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Dean v. Berryhill

United States District Court, S.D. Indiana, Indianapolis Division

March 9, 2018

RUSSELL R. DEAN, Plaintiff,
v.
NANCY A. BERRYHILL, Defendant.

          ORDER OVERRULING PLAINTIFF'S OBJECTIONS TO THE MAGISTRATE JUDGE'S REPORT AND RECOMMENDATION

          SARAH EVANS BARKER, United States District Judge.

         This is an action for judicial review of the final decision of Defendant Commissioner of Social Security (“Commissioner”) finding Plaintiff Russell R. Dean not entitled to Disability Insurance Benefits (“DIB”) Supplemental Security Income (“SSI”). The Administrative Law Judge (“ALJ”) denied Mr. Dean's application for DIB and SSI after concluding that Mr. Dean's residual functional capacity (“RFC”) would allow him to perform past relevant work as a cashier or security guard. This case was referred to Magistrate Judge Dinsmore for initial consideration. On November 9, 2017, Magistrate Judge Dinsmore issued a report and recommendation suggesting that the Commissioner's decision be upheld because it was supported by substantial evidence and was otherwise in accord with law. This cause is now before the Court on Plaintiff's Objections to the Magistrate Judge's Report and Recommendation.

         Standard of Review

         We review the Commissioner's denial of benefits to determine whether it was supported by substantial evidence or the result of an error of law. Rice v. Barnhart, 384 F.3d 363, 368-369 (7th Cir. 2004); Lopez ex rel. Lopez v. Barnhart, 336 F.3d 535, 539 (7th Cir. 2003). “Substantial evidence means such relevant evidence as a reasonable mind might accept as adequate to support a conclusion.” Dixon v. Massanari, 270 F.3d 1171, 1176 (7th Cir. 2001). In our review of the ALJ's decision, we will not “reweigh evidence, resolve conflicts, decide questions of credibility, or substitute [our] own judgment for that of the Commissioner.” Lopez, 336 F.3d at 539. However, the ALJ's decision must be based upon consideration of “all the relevant evidence, ” without ignoring probative factors. Herron v. Shalala, 19 F.3d 329, 333 (7th Cir. 1994). In other words, the ALJ must “build an accurate and logical bridge” from the evidence in the record to his or her final conclusion. Dixon, 270 F.3d at 1176. We confine the scope of our review to the rationale offered by the ALJ. See SEC v. Chenery Corp., 318 U.S. 80, 93-95 (1943); Tumminaro v. Astrue, 671 F.3d 629, 632 (7th Cir. 2011).

         When a party raises specific objections to elements of a magistrate judge's report and recommendation, the district court reviews those elements de novo, determining for itself whether the Commissioner's decision as to those issues is supported by substantial evidence or the result of an error of law. Fed. R. Civ. Pro. 72(b). The district court “makes the ultimate decision to adopt, reject, or modify” the report and recommendation, and it need not accept any portion as binding; the court may, however, defer to those conclusions of the report and recommendation to which timely objections have not been raised by a party. See Schur v. L.A. Weight Loss Ctrs., Inc., 577 F.3d 752, 759-761 (7th Cir. 2009).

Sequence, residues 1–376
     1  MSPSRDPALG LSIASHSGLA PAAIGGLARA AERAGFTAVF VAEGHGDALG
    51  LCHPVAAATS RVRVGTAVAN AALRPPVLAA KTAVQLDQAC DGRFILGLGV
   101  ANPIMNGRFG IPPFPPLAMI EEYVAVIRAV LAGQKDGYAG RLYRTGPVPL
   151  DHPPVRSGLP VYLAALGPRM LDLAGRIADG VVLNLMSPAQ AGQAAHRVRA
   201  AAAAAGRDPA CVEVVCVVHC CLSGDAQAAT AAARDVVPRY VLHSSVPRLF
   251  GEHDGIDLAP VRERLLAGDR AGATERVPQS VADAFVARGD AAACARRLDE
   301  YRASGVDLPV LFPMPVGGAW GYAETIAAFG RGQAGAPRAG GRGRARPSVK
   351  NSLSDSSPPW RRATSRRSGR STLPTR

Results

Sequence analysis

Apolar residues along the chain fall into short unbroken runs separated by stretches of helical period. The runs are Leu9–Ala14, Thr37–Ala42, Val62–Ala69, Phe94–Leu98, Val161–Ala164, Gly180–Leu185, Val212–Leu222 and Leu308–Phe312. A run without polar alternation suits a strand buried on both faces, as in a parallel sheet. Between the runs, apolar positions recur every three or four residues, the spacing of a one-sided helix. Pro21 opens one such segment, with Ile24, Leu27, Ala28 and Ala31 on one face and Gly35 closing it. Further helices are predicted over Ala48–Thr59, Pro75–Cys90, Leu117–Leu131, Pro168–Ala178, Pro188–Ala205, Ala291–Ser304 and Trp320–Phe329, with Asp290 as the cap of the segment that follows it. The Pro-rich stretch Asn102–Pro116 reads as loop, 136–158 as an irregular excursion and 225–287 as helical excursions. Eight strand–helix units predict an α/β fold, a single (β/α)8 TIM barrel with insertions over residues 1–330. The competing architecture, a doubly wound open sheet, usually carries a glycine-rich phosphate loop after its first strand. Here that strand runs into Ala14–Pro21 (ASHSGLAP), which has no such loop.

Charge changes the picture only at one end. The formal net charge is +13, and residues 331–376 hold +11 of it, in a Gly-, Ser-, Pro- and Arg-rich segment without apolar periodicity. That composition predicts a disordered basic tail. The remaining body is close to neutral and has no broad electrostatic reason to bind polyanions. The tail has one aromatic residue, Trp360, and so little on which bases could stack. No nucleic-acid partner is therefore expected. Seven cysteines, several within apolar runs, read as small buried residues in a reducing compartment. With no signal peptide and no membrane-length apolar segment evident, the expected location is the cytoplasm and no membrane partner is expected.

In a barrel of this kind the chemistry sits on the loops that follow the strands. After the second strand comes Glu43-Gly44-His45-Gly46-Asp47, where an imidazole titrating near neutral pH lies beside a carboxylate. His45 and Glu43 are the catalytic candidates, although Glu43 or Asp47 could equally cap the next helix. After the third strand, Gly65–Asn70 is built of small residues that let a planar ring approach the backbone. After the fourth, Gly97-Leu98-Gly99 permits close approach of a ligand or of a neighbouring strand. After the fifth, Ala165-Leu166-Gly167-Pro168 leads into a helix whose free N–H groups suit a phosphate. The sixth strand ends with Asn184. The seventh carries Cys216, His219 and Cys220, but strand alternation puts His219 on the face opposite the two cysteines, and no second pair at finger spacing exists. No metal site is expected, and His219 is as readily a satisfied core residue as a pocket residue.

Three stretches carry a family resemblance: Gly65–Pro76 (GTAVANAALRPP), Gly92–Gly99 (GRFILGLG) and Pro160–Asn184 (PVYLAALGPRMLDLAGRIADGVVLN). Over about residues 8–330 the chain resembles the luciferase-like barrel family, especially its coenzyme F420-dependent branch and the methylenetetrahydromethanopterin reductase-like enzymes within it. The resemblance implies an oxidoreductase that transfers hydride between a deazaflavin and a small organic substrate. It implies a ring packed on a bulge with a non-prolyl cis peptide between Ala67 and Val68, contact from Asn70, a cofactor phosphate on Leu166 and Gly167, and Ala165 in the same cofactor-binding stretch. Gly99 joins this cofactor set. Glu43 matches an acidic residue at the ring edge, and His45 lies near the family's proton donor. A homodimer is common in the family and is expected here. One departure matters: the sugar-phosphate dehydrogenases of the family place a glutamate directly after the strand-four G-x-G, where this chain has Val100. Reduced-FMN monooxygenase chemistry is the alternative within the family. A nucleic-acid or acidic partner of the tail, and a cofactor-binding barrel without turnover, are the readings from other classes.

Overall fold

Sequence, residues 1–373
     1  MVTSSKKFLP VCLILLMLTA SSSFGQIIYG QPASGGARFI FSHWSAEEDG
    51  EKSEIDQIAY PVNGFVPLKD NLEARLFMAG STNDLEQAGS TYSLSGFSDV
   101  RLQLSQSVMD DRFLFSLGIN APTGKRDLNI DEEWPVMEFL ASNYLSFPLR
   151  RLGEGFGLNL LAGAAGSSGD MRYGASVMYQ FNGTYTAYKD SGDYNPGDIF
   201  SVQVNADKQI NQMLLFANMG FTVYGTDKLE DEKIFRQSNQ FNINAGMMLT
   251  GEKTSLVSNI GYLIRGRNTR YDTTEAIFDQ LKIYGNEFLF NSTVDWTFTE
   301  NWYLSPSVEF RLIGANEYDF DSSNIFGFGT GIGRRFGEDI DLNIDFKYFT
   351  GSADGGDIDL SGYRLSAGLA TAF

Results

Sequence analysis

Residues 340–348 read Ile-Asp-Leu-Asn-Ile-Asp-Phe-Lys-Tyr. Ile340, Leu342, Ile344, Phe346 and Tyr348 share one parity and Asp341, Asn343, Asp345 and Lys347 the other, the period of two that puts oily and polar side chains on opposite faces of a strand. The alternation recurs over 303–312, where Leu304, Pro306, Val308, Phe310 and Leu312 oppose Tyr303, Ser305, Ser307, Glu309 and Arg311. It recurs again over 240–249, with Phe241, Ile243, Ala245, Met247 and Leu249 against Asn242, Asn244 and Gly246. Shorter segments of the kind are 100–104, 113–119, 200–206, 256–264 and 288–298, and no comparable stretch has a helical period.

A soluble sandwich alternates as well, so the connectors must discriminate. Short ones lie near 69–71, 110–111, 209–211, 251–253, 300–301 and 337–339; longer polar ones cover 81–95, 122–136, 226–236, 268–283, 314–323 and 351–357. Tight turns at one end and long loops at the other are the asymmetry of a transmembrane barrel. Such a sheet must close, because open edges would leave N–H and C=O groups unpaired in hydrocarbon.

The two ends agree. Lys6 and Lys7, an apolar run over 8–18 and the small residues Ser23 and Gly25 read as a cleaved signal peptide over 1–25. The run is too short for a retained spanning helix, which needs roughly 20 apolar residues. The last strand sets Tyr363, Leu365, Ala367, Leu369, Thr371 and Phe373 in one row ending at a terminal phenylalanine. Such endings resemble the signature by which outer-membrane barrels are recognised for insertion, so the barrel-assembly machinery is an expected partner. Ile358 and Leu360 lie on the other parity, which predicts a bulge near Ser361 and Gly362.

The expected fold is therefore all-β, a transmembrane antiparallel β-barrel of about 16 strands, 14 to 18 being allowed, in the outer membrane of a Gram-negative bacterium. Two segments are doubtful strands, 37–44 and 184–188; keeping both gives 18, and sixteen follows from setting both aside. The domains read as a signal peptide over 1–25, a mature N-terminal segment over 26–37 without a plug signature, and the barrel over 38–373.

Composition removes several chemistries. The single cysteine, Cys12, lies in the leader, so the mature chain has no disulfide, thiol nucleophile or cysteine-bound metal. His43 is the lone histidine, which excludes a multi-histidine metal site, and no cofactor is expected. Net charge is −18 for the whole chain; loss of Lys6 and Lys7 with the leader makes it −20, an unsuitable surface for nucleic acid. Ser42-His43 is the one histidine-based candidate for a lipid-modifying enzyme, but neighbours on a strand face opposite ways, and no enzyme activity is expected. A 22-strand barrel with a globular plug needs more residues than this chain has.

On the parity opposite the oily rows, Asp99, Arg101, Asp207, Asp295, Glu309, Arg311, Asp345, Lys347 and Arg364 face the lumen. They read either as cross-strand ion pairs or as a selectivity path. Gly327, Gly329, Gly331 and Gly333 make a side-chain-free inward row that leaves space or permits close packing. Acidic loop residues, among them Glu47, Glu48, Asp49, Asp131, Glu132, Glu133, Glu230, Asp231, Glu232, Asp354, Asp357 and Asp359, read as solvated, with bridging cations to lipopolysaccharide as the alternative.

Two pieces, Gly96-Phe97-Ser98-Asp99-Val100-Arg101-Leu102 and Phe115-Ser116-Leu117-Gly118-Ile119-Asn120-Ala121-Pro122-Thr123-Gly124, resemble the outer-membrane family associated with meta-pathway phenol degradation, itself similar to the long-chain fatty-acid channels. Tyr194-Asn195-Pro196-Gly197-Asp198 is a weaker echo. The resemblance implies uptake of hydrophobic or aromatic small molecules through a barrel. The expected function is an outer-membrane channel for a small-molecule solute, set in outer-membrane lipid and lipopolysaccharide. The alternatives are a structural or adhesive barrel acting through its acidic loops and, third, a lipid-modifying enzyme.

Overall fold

Discussion

         Mr. Dean objects to the Magistrate Judge's Report and Recommendation on a single basis, to wit, that the Magistrate Judge failed to consider his contention that the ALJ committed reversible error in failing to explain why he did not adopt Dr. Francis's opined overhead reaching and lifting restriction. [Dkt. 17.] As the sole challenge to the Report and Recommendation, we address only this argument, deferring to all other conclusions set forth in the Magistrate Judge's Report and Recommendation.

         Mr. Dean contends, and the Commissioner concedes, that the ALJ erred by failing to explain why he did not accept Dr. Francis's overhead reaching and lifting restriction in determining Mr. Dean's RFC. Dr. Francis opined that Mr. Dean was unable to reach overhead. The ALJ found, instead, that Mr. Dean could perform occasional overhead reaching. [Dkt. 9-2 at 31.] Mr. Dean contends that the ALJ's failure to explain why he did not include Dr. Francis's overhead reaching and lifting restriction in Mr. Dean's RFC, despite giving the physician's opinion “great weight, ” was reversible error because Mr. Dean's past relevant work, which the ALJ determined he could perform, requires overhead reaching. Accordingly, had the ALJ included Dr. Francis's overhead reaching restriction within Mr. Dean's RFC, Mr. Dean would have been deemed unable to complete his past relevant work, and the ALJ's analysis would have moved to step five, requiring a determination of whether Mr. Dean could perform any relevant work within the national economy.